We should delay judgment, but Ravens' losses unsettling

March 11, 2007|By DAVID STEELE

Before trying to figure out why the subtractions from the Ravens are outweighing the additions so far, a brief disclaimer:

The next-to-last thing anybody should do is judge an NFL free-agent period after its first eight or nine days. The very last thing, of course, is judge a draft as soon as the picks are made. Both laws get violated regularly, including right here. With free agency just having started, the Ravens are really asking for it.

So many important players going out. So few known quantities coming in. So much hope resting on the in-house promotions. They're still six months away from playing a down of meaningful football next season, not to mention seven weeks away from the draft.

But what exactly is supposed to make us all believe that this team will surpass the last one?

This is where we trust everybody responsible for keeping this franchise on top, from Steve Bisciotti to Ozzie Newsome to Brian Billick.

Don't even deny the cushion they get - deservedly so, but they've got it. Imagine, if the Orioles were having this kind of start to their offseason, how many different synonyms for "idiot" we'd all be using for Peter Angelos and Co.

But this is also where we say, "You couldn't keep Adalius Thomas, or Ovie Mughelli, or Tony Pashos, or Jamal Lewis, but you're still going to get deeper into the playoffs than last season?"

There's more than enough logic, on the front office's end and the players', to justify each move. And the payroll looks better now than it did March 1. But the next time several thousand fans rise from their seats on a fall afternoon at M&T Bank Stadium and chant "Move those cap figures!" will be the first.

Some of these battle lines are already set in many minds. Willis McGahee had better be as good as Lewis was. Jarret Johnson had better be as good as Thomas was. (By the way, is this as belated a farewell to a significant free-agent departure as there ever has been around here? Not that his leaving was a big surprise, nor his signing with the New England Patriots for huge money, but the fact that he was eclipsed by Lewis' release was unfortunate.)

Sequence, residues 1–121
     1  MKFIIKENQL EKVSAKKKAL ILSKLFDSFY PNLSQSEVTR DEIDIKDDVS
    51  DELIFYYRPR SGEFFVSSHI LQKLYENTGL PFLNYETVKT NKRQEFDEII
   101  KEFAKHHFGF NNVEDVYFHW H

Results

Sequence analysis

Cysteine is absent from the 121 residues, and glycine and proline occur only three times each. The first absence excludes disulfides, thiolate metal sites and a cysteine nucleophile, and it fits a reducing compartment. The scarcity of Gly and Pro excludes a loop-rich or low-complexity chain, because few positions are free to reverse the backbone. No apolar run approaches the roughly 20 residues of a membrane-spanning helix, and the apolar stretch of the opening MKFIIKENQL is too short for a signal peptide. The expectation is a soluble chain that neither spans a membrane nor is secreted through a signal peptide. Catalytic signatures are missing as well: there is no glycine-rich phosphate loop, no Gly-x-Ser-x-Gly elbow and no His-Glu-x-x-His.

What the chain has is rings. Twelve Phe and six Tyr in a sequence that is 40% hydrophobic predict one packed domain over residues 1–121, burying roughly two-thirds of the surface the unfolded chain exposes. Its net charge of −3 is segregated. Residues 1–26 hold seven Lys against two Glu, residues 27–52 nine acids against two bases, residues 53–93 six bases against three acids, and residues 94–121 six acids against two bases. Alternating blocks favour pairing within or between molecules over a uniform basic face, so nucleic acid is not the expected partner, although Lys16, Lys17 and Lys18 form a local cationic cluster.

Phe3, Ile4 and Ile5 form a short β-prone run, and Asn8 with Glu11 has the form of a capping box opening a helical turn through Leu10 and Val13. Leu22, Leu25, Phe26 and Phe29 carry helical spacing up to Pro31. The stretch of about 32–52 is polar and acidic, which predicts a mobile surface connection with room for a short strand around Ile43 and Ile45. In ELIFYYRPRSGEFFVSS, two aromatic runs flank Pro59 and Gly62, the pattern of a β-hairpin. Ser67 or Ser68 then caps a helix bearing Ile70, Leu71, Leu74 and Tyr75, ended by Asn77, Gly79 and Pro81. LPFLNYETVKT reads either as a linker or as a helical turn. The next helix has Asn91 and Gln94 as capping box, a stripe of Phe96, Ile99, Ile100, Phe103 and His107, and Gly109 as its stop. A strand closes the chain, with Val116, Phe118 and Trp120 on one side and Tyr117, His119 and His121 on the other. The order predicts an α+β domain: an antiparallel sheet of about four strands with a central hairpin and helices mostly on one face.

As for the other gaps: Pashos leaves one at right tackle that's deceptively big and hard to fill. Same for Mughelli, who almost made everybody - including Lewis - not miss Alan Ricard quite as much. Who comes in to make you not miss Mughelli so much? Is that person's assignment to help make life easier on McGahee? In turn, will McGahee make life easier for all his teammates? His ability says yes, but the reports of the bitter departure from Buffalo aren't as clear-cut.

Sure, this tale of angst is being repeated in most NFL cities, even the one in which the Lombardi Trophy resides. But that's really the ultimate question. The shake-ups, the disruptions in a team that won 13 games, got a first-round bye and hosted a conference semifinal, are they going to get the Ravens further than last year? Are they going to help the Ravens beat the Indianapolis Colts? Are they going to help them beat whatever other team might stand between them and the Super Bowl?

Or is that an argument for another day? The moves so far send conflicting signals. They didn't want to commit that heavily to Thomas because he's turning 30 this year, so they're looking long-term. Extending Billick's contract for four years reinforces that notion. But that doesn't square with giving up three draft picks for McGahee, nor does extending his contract.

In the middle of all that stand two of the most important players on the team: Jonathan Ogden and Steve McNair. If Ogden is buttressing his ruminations about retirement with out-loud expressions of doubt over letting Jamal Lewis go, then long-term plans don't make sense.

Combine that with the notion that McNair was brought in not to nurse the Ravens along for the next few years and keep them in the hunt - he was brought in to win now.

In a worst-case scenario, he might be asked to do that with two new offensive tackles, two new backs and, supporting him from the other side, a defense that's replacing its most versatile and, probably, most valuable player.

And it was just a year ago that McNair was heralded as the missing piece. If the Ravens were only that set now.

It's funny about last offseason, isn't it? The solution, everyone was certain, was an upgrade at quarterback, an instant-impact upgrade. It seems crazy even now to think that everything could be solved by that one move. It wasn't, of course, because the draft filled in several holes in non-marquee positions, and free agents such as Trevor Pryce made up for the other losses.

Remember - between fits of drooling over McNair, plenty of people were fretting about how they would replace Tony Weaver, Maake Kemoeatu and Will Demps. Really. Think back, hard. There you go.

That's why it might seem premature to pass judgment now. More help could be on the way. More help might already be here.

It had better be. Because at this early date, the subtractions still outweigh the additions.

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